Kaniakapupu Ruins, Located in the Nu’uanu Valley off the Pali Hwy are the remains of King Kamehameha III’s summer home, originally built in 1847. Today you can take a short stroll through a bamboo forest and visit the Kaniakapupu Ruins, one of the oldest standing structures on Oahu!
Play golf well into the evening on a long Hawaiian summer day. What better place to tee off than surrounded by breathtaking mountain ranges and the Pacific Ocean? Don’t let the crashing waves distract you; these gorgeous courses are fun yet challenging and a great solo activity. Plus, you’re sure to make likeminded friends while playing a round!
Here are some Oahu golf courses that we recommend:
Turtle Bay Golf Club
On the North Shore is the Turtle Bay Golf Club. The Palmer Course is consistently regarded as the best course on Oahu and among the very best on all the islands! This course at Turtle Bay is an absolute must-play during your visit to the area.
Royal Hawaiian Golf Club
On the Windward Coast is the Royal Hawaiian Golf Club. Nestled between the majestic Mount Olomana and Ko’olau Mountains, this course is an awe-inspiring experience with Oahu’s most stunning views.
Hawai‘i Prince Golf Club
The Leeward Coast is home to the Hawai‘i Prince Golf Club. This Golf Club offers 27 dramatic holes, the only golf course of its kind in Hawaii.
Ko Olina Golf Club
Also on the Leeward coast is the Ko Olina Golf Club, listed as one of Golf Digest’s “Top 75 Resort Courses in the U.S.” It is a challenging 18-hole course, but there are also golf lessons and daily clinics available with top PGA professionals!
Polynesian Cultural Center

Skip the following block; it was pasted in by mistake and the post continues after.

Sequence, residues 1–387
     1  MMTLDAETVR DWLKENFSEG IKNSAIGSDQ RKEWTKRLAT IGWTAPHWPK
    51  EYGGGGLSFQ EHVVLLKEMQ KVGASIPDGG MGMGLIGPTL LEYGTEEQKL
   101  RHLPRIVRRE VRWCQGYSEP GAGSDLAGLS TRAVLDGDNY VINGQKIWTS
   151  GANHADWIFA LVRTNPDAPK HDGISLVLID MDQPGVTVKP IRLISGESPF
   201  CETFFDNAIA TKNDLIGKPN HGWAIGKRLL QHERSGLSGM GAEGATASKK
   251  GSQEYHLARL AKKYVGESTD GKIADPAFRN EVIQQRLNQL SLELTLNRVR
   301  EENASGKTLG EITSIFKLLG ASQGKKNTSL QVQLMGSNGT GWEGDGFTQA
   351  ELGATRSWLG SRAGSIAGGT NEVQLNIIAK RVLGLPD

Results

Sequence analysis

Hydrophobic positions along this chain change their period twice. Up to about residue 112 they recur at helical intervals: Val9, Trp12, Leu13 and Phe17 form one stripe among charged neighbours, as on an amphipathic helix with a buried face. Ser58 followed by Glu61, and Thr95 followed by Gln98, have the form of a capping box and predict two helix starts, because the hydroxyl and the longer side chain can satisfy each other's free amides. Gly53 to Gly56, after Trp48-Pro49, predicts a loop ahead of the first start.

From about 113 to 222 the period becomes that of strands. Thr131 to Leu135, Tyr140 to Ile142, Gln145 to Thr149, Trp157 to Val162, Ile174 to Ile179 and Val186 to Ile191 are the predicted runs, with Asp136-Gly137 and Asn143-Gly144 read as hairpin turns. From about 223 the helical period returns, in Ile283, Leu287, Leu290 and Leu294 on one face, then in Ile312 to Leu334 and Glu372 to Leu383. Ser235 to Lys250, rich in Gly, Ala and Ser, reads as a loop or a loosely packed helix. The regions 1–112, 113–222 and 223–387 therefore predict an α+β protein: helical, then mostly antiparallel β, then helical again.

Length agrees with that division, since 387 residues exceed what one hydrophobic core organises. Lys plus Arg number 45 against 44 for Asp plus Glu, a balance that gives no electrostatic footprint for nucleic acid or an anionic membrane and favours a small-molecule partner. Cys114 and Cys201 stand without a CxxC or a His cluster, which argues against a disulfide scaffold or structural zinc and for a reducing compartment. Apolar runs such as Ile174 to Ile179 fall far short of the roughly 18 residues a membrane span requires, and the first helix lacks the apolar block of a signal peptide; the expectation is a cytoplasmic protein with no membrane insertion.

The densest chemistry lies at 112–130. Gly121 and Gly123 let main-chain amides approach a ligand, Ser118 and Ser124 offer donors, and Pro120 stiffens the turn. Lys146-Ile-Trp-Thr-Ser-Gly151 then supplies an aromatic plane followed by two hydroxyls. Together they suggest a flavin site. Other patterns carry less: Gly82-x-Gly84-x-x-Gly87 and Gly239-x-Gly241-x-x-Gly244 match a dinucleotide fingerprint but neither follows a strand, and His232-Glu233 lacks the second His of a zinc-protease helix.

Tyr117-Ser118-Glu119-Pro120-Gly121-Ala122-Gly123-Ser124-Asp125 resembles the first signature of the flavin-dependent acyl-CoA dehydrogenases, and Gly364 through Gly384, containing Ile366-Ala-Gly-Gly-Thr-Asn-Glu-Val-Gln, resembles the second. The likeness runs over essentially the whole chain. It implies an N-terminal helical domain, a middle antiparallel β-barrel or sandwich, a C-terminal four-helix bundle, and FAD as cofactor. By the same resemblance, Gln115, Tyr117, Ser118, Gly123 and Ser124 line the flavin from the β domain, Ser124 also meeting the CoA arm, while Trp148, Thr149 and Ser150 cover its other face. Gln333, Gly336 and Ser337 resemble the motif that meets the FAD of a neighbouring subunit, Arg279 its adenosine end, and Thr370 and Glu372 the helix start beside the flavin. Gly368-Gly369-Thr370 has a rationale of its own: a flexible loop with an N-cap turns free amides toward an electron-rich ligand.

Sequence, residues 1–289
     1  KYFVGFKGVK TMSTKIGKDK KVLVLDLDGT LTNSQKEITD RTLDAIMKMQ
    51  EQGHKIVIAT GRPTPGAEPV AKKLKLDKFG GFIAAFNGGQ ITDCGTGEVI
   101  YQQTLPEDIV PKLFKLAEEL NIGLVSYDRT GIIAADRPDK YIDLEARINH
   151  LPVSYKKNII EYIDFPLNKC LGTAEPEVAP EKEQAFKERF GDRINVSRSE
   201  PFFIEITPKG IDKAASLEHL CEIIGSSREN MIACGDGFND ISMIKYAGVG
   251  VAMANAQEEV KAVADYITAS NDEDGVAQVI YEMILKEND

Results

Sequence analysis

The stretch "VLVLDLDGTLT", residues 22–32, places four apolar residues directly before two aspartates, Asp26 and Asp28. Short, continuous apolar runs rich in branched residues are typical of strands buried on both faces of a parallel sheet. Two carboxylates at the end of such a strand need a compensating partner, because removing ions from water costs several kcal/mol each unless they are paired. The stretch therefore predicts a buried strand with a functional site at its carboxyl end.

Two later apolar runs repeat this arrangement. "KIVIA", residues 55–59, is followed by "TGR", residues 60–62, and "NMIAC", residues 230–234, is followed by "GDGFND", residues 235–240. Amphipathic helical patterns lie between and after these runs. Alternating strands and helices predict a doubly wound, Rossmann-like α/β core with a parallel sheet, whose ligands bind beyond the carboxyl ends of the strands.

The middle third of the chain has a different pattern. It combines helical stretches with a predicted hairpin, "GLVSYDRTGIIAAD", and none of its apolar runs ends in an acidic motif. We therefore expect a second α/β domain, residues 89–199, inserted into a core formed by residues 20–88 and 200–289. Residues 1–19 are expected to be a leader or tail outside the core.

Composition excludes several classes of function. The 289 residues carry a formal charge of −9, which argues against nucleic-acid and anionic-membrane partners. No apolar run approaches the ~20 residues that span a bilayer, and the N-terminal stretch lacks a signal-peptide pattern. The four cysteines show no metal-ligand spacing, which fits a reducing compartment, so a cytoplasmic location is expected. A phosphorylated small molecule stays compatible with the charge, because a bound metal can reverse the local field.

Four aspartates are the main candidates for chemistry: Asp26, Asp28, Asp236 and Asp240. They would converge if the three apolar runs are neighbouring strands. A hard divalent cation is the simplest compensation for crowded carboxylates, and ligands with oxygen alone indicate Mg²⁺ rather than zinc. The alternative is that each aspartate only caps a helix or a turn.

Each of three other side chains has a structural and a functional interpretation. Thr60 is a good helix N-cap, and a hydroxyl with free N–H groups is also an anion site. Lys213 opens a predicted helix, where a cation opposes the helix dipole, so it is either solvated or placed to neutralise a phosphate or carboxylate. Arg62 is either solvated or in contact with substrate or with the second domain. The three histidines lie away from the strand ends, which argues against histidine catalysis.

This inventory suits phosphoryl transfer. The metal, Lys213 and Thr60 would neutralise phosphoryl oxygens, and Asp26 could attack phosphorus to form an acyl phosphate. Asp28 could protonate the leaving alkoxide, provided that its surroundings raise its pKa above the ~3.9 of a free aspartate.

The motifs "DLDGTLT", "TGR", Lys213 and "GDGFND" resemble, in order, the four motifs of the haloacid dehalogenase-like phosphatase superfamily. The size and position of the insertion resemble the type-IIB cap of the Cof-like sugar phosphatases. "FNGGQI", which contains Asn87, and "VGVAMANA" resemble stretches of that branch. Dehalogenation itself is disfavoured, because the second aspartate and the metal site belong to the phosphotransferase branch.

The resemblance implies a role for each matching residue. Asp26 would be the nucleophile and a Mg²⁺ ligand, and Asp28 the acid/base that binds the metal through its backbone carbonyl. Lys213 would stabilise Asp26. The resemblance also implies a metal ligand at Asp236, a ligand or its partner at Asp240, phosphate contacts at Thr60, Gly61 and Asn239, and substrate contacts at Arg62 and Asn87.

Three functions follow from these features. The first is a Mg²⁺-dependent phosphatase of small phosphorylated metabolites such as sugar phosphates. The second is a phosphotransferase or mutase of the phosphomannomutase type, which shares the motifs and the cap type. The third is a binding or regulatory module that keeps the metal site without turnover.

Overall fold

Solo travelers who love learning about new cultures will love spending the day exploring the rich heritage of the Pacific Islands at the Polynesian Cultural Center. Wander through tropical scenes and explore authentic villages and mingle with locals that are part of six Pacific cultures. Enjoy the adventure of traditional hands-on activities, play ancient games, dance, learn how to fish without a net, and sample poi. Dine like royalty at an authentic Polynesian luau and top it off with the most fabulous evening show on the islands. This is one of the best ways to immerse yourself in Hawaiian culture!
At Pearl Harbor, hear first-hand stories from survivors describing the chaotic scene on Battleship Row. Walk through an airplane hangar that still bears the scars from that fateful morning. Peer into the shallow harbor where the USS Arizona Memorial is located where you can still see the sunken structure. Visiting Pearl Harbor is an experience that will be etched into your soul forever and will offer you a new perspective on World War II. Solo travelers who love history should definitely put this on their Hawaii bucket list!